Acquitted, Blake Is A Free Man

Mortuary workers wearing protective suits and Mexican marines outside a funeral home where the bodies of 72 men and women allegedly killed by the Zetas drug gang are kept in San Fernando, Mexico, Aug. 26, 2010. AP Photo/Guillermo Arias

Jurors say they acquitted Robert Blake of the 2001 murder of his wife, Bonny Lee Bakley, because prosecutors failed to prove their case.

The panelists said they found the evidence flimsy and the prosecution's star witnesses unbelievable.

The verdict was handed up Wednesday afternoon after more than eight days of deliberations, following a four-month-long trial.

Jurors found Blake not guilty of one count of murder and one charge of trying to get someone to kill Bakley. They deadlocked 11-1 on a second solicitation charge, which then was dismissed by the judge.

"I never felt comfortable at any time about the evidence in its total, it kind of had a lot of holes in it," jury foreman Tom Nicholson said in an appearance on The Early Show. "There were lots of links missing out of the chain."

In court, Blake trembled and sobbed when he heard the verdicts that gave him back his freedom.

"It's a complete victory for Blake," says , noting that since the judge dismissed the other solicitation charge against him, prosecutors cannot revive it.

Later, after jurors spoke with reporters, Blake stepped up, praising his defense team and talking about how the case left him broke.

He then went on to attack some friends and associates who had given interviews about him.

"They're liars and I'm easy to find and I'm not a bit bashful and if any of them have any agenda we can certainly sort it out," he said.

Blake staged his final act by asking a cameraman for a pair of pliers to cut off his electronic ankle monitor and set himself free, reports .

While avoiding conviction and a possible life sentence is certainly cause for the 71-year-old actor to breathe a sigh a relief, his troubles are not yet over.

He is being sued by Bonny Lee Bakley's family, a civil suit alleging wrongful death, set to go to trial on July 7th.

Eric Dubin, attorney for the Bakley family, says they are devastated by the verdict but hope the outcome of the civil suit will be different.

In an interview with KABC-TV, Dubin said the "overwhelming question I get every day is, 'Obviously he did it, but do you think they proved the case?' It becomes more of a game of reasonable doubt. And we just heard the jury say they think he did it, but they just didn't prove it. So that's my job to prove it in the civil case, and he's going down."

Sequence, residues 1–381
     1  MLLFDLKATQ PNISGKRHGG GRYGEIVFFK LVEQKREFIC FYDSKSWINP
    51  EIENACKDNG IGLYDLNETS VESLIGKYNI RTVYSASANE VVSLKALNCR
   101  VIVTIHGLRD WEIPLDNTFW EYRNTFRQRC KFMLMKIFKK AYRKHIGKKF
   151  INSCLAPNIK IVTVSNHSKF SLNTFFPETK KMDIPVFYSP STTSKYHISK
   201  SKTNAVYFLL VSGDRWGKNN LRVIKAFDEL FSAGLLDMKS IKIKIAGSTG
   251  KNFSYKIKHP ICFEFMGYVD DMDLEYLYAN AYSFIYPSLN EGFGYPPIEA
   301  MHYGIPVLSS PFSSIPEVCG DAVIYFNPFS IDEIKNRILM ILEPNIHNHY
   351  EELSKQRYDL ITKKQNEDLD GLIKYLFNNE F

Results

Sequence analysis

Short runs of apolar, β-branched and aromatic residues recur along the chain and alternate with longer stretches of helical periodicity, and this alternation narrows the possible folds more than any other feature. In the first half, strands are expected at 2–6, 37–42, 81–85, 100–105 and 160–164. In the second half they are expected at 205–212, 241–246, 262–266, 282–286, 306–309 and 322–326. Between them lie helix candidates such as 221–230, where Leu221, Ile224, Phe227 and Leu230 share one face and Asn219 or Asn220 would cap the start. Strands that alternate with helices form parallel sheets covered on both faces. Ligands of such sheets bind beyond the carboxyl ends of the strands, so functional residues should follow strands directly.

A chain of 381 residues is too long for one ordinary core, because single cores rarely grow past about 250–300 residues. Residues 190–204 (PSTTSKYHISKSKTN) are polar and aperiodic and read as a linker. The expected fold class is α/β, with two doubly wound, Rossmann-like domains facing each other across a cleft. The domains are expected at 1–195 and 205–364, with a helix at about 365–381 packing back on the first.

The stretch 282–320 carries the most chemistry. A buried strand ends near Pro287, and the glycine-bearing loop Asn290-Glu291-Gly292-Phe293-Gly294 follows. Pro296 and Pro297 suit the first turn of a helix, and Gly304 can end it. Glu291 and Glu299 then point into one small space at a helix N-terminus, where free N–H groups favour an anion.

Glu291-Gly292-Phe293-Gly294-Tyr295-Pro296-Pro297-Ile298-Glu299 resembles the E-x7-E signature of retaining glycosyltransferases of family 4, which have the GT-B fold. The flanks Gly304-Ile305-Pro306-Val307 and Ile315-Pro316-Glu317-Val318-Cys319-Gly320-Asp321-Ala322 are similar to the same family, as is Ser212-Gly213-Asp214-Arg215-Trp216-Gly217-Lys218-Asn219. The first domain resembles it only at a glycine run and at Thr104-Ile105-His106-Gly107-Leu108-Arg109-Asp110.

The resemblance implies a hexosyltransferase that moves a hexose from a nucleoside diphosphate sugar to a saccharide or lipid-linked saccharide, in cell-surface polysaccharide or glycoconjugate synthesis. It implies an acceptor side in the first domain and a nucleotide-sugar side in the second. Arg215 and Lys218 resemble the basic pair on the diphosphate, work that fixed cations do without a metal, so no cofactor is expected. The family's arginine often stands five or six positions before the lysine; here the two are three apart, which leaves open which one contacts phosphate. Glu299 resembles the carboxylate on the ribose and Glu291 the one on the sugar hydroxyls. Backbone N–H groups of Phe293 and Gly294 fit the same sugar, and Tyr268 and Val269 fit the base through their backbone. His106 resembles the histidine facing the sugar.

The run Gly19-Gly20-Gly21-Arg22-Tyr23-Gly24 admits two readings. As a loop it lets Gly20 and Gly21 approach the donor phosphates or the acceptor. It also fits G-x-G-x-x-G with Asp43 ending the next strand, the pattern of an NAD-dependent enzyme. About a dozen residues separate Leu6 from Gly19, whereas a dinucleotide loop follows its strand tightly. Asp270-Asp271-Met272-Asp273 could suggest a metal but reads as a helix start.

"Holly's devastated," Dubin continued, referring to Bakley's 24-year-old daughter, Holly Gawron. "I mean her mom was murdered twice: once in that car and once in the media... Justice will follow; I'll get it for them."

Gawron sobbed after the verdicts were read and later said she looked forward to proceeding with the lawsuit.

"I hope somehow that I will be able to find some justice, some form of punishment for him, because he's off celebrating his freedom for murdering my mother," she said. "It's very hard to deal with."

Blake was charged with shooting Bakley, 44, in their car outside the actor's favorite Italian restaurant on May 4, 2001, less than six months after their marriage. He did not testify during the trial.

The defense called it a weak case based largely on the testimony of two Hollywood stuntmen who said Blake tried to get them to kill Bakley.

"As I said to the jury, the prosecution built its case on the backs of two men with serious drug problems, who had made many, many inconsistent statements," Blake lawyer M. Gerald Schwartzbach told The Early Show.

The defense portrayed the stuntmen as drug users prone to hallucinations and delusions.

Blake was acquitted of asking stuntmen Gary McLarty to kill Bakley.

McLarty's "testimony in my view was so disjointed and so irregular in what he was trying to say. It had no bearing in my judgment," said Nicholson, the jury foreman.

The judge dismissed a second charge that Blake asked Ronald "Duffy" Hambleton to kill his wife. Nicholson called Hambleton a "prolific liar."

No eyewitnesses, blood or DNA evidence linked Blake to the crime. The murder weapon, a 60-year-old gun found in a trash bin, could not be traced to Blake.

Sandi Gibbons, a spokeswoman for the district attorney's office, said prosecutors had done their best.

Bakley had been married several times, had a record for mail fraud and allegedly made a living scamming men out of money with nude pictures of herself and promises of sex.

Blake has been in front of the camera from childhood, back when he was sad-eyed little Mickey in the "Our Gang" movie shorts, and appeared in the 1967 movie "In Cold Blood," in which he portrayed a killer who dies on the gallows.

In "Baretta," Blake played a tough-talking, street-smart detective whose catchphrase was "Don't do the crime if you can't do the time."

Those acting successes seemed well in the past by the time a divorced and lonely Blake met Bakley at a jazz club five years ago. They had sex in his truck that night, and she was soon carrying Blake's child.

Prosecutors said Blake believed his wife trapped him into marriage by getting pregnant. They said Blake soon became smitten with the baby, Rosie, and desperately wanted to keep the child away from Bakley, whom he considered an unfit mother.

The child, now 4, is being raised by Blake's adult daughter.
  • Christine Lagorio

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